Okay. For example, on the problem we saw earlier this year when we were asking you how many Yazidi genocide survivors had been sent to Canada through the government-assisted refugees program, you also gave the same answer in terms of lack of tracking, saying, “It's very bureaucratic”, and “We couldn't do this”, and that sort of thing.
But we were able to do that. After a lot of political pressure, the government decided to prioritize Yazidi genocide victims, and you are, in fact, tracking those statistics because you're managing a program that's directly related to responding to a specific instance of extreme violence against a certain group of people. As a sovereign nation, we have said that we are prioritizing these genocide victims. I would argue that there is a great degree of congruency with what's happening in Chechnya right now.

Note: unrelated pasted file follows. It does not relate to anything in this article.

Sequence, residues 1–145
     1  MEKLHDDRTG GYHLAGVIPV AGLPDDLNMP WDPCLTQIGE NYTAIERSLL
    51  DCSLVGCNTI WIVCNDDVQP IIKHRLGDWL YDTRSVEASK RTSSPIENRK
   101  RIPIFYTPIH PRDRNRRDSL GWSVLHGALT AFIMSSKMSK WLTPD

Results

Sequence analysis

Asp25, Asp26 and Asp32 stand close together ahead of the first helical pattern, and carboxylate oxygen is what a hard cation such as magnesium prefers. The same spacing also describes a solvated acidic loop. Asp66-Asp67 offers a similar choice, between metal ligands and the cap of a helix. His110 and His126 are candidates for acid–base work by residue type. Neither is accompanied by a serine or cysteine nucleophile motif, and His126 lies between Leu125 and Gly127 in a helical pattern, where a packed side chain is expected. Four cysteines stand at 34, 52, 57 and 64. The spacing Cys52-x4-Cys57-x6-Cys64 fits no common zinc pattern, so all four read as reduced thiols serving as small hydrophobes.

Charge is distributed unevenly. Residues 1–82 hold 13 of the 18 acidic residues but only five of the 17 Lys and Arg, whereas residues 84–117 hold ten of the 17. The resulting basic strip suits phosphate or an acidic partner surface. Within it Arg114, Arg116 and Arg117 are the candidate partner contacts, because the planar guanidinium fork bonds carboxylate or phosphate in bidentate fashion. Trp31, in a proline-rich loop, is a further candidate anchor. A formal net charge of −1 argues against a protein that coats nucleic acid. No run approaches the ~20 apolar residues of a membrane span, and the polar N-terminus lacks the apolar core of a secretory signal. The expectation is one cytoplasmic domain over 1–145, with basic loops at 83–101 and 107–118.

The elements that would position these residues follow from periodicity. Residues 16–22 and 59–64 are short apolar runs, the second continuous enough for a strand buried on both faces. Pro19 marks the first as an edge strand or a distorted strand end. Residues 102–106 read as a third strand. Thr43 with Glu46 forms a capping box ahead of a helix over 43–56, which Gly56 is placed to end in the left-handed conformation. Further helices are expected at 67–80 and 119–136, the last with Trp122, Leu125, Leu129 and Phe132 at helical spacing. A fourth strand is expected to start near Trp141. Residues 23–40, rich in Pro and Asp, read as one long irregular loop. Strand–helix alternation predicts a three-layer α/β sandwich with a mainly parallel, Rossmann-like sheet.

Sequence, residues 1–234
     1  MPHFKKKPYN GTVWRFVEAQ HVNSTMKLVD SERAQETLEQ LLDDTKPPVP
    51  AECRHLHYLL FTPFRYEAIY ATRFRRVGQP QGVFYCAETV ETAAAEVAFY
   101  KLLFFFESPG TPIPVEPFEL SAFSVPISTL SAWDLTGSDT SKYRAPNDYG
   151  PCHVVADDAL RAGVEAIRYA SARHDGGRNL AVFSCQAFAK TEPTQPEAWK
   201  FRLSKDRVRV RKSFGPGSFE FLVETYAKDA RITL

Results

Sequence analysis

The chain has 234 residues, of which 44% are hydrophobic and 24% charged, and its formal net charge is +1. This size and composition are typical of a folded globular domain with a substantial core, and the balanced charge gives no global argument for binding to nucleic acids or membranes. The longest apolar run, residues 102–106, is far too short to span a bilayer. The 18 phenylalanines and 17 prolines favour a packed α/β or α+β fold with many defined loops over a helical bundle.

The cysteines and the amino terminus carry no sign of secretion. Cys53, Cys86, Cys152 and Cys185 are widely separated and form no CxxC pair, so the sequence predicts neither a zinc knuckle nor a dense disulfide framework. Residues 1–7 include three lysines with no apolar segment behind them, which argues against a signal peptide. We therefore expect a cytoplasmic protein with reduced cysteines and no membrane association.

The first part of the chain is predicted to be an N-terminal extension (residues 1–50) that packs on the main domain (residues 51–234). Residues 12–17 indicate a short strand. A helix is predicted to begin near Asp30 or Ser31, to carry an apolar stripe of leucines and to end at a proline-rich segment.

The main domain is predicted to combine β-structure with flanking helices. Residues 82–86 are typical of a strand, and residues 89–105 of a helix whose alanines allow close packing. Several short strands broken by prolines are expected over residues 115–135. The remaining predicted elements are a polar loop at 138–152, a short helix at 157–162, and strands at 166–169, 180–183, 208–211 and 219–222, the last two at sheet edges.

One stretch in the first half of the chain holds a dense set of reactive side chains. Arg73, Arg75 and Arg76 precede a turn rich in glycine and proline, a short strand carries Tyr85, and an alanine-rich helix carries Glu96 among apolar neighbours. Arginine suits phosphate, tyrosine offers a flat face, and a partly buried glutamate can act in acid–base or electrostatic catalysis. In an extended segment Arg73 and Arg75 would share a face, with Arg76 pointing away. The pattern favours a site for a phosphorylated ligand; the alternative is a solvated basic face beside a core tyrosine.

The article that Ms. Kwan referred to earlier, as well as many of the accounts that we're seeing come out of this particular group, should have every Canadian lighting their hair on fire at the atrocities that are happening there.
In that situation, do you think, first of all, that it is feasible, from a bureaucratic perspective, given the situation with the Yazidi genocide, for Canadian politicians to provide political direction that, when there are instances of either genocide or programs, as we're seeing against the LGBTQ community, that we actually can and should be tracking how many people we're bringing in under, let's say, the issuance of special visas? Should there be a political direction to do so?